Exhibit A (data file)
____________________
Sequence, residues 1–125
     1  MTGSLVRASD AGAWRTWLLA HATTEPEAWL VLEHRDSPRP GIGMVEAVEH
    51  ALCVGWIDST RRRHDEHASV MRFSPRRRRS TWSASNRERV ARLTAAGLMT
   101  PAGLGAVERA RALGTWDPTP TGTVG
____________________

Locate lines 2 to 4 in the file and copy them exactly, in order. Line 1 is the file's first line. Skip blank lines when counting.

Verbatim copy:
     1  MTGSLVRASD AGAWRTWLLA HATTEPEAWL VLEHRDSPRP GIGMVEAVEH
    51  ALCVGWIDST RRRHDEHASV MRFSPRRRRS TWSASNRERV ARLTAAGLMT
   101  PAGLGAVERA RALGTWDPTP TGTVG